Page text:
Cannabis Use Disorder During the Perinatal Period, Martha L. Velez et al., 2019

Cannabis Use Disorder During the Perinatal Period

Martha L. Velez, Chloe J. Jordan, and Lauren M. Jansson

Chapter 17, in : I. D. Montoya, S. R. B. Weiss (eds.), Cannabis Use Disorders, 2019,

© Springer Nature Switzerland AG 2019 177


Cannabis use in the perinatal period has been increasing in recent years, coincident with increasing legalization in the USA for medical or recreational purposes [1]. Marijuana is the most commonly used illicit drug during pregnancy [2], and among some populations, it is used more frequently than tobacco [3, 4]. Although the prevalence of cannabis use during pregnancy is difficult to ascertain with accuracy, rates of marijuana use range from 2.6% to 28% or higher [3, 5] depending on the population studied and/or screening practices.

According to the 2013 National Survey on Drug Use and Health, the rate of marijuana and hashish use among pregnant women in the USA was 5.2% [6].Marijuana use is more prevalent among nonpregnant than pregnant women of child-bearing age in the general population.

However, among past-year users, near daily use rates are higher in pregnant versus nonpregnant women (16.2% versus 12.8%), as is the percentages of women meeting criteria for cannabis abuse and dependence (18.1% versus 11.4%) [7]. These statistics indicate that for the population of women using marijuana during pregnancy, many are chronic users who are likely to have a cannabis use disorder (CUD). Young adolescents (ages 15–17) have the highest rate of marijuana use during pregnancy (16.5%), more than double the rate for 18- to 25-year-olds (7.5%) [6, 8]. During pregnancy, rates of marijuana use are higher during the first trimester than the second or third trimester (6.44% vs. 3.34% and 1.82%, respectively) [9]. Given that the percentage of unplanned pregnancies is very high (almost half of pregnancies in the general population and higher in substance using/ abusing populations), many fetuses are likely to be exposed to cannabis during the first trimester of pregnancy, before the mother is aware of being pregnant.

The effects of cannabis mainly depend on its major psychoactive cannabinoid (delta 9-tetrahydro-cannabinol or THC) content. Novel ways of cultivating the Cannabis sativa plant have produced more potent varieties of cannabis [10], and the legal cannabis market has implemented selective growing methods to boost psychoactive potency. In the USA, the potency of cannabis has increased steadily over the past 50 years [11], and this trend has translated to increased fetal THC exposure. For example, tetrahydrocannabinolic acid concentrations were significantly increased in marijuana-positive meconium samples originating from Colorado hospitals compared with specimens sent from the rest of the USA during the first 9 months post legalization in Colorado [12]. The proportion of THC in the commonly used herbal cannabis (marijuana) and its resin (hashish) was 3% or less in the 1960s but reached a potency of 12% by 2014 [10, 13].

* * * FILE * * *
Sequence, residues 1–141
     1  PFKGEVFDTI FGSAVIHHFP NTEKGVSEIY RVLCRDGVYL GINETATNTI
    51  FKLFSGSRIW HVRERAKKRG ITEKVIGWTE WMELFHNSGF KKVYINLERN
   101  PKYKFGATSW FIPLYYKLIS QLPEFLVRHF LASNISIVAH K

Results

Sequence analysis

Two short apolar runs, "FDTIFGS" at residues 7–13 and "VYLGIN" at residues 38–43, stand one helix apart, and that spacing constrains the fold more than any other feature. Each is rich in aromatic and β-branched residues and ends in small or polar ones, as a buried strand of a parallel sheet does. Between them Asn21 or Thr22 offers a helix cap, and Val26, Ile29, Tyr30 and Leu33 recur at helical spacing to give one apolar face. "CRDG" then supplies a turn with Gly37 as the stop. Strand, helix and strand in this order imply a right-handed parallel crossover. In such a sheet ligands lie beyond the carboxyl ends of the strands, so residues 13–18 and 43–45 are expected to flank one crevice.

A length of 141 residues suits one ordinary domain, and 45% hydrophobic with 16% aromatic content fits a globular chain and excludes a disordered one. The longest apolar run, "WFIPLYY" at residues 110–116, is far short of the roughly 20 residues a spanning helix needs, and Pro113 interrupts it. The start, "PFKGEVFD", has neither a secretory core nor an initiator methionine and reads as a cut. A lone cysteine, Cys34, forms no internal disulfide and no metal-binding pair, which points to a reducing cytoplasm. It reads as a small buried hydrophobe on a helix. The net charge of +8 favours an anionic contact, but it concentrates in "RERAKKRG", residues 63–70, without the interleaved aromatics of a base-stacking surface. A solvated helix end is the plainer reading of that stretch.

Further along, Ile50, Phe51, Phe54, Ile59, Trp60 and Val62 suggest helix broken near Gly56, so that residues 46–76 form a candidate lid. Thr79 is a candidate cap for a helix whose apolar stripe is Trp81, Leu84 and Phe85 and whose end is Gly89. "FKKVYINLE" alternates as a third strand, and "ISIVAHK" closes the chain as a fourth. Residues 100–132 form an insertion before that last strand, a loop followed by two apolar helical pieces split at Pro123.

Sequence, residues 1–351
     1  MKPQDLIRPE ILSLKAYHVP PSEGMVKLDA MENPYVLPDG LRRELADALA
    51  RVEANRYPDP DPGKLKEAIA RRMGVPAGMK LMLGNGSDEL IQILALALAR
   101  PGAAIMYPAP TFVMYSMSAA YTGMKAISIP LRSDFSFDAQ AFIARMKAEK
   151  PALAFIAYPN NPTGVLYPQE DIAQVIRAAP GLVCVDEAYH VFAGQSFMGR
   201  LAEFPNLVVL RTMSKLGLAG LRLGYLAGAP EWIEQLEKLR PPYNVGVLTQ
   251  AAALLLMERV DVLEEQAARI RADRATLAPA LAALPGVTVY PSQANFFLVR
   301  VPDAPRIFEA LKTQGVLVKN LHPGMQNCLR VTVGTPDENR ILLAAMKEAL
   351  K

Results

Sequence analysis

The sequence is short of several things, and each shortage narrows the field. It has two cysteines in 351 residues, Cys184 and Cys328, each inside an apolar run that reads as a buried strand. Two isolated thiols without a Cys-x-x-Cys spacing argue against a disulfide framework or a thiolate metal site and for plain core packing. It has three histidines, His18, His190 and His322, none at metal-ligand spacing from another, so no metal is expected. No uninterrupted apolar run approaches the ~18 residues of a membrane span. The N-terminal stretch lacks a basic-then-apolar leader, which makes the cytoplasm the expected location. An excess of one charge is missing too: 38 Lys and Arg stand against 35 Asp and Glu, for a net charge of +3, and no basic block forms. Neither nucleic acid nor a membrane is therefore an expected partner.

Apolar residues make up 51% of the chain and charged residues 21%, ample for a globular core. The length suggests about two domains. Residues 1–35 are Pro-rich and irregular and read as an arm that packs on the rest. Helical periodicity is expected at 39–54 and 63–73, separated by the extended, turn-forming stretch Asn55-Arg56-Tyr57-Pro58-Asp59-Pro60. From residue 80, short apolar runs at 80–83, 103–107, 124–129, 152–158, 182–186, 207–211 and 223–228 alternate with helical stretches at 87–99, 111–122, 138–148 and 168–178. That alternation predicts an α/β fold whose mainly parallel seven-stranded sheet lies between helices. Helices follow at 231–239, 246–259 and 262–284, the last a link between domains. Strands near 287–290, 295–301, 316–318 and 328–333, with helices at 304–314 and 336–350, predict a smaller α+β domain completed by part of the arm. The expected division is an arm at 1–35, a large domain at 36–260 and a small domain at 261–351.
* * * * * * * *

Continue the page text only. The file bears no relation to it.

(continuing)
This means that marijuana today is at least 4 times more potent than it was 4 decades ago [14], which has implications for the interpretation of older studies on the effects of prenatal marijuana exposure on child development that form the large bulk of our current knowledge.

The emergence on the drug market of synthetics cannabinoids (SCBs) in the early 2000s represents a new public health challenge. Whereas THC generally acts as a partial cannabinoid receptor agonist, SBCs are often full cannabinoid receptor agonists and can have greater cellular actions and behavioral effects. The concentrations of SCBs can vary widely, even within batches of the same product [15]. Some SCBs have extremely high potency, ranging from 40- to 660-fold higher than Δ9-THC in cannabis strains [16]. SCBs are cheap and easily purchased on the Internet, potent, and addictive and possess different toxicity profiles from naturally grown marijuana [17]. These substances appear to produce multiple dose-dependent congenital anomalies in rodents [18], and there is no current information on the effects of SCBs in exposed human fetuses or infants.

Despite its controversial nature, the use of medical marijuana and cannabis-derived medicinal products is also becoming more popular in the USA. Nausea, a common complaint in pregnant women, is a medically approved indication for marijuana in all states where medical use of this drug has been legalized [19]. A study carried out in Hawaii, a state where marijuana is legal, found that women with
severe nausea during pregnancy, compared with other pregnant women, were significantly more likely to use marijuana (3.7% vs 2.3%, respectively) [20].

Taking this information together, the current landscape of the risks of marijuana use during the perinatal period is not clear because of the recent changes in the patterns of marijuana use, the increase in prevalence of cannabis use in women during the perinatal period, the production and use of more potent forms of cannabis, and the introduction of synthetic cannabinoids. It is well-established that THC crosses the placental barrier, and while a preponderance of studies have established harmful effects of prenatal cannabinoid exposure in animal (e.g., rodent) models, further research is urgently needed to determine the effects of the increased fetal THC exposure.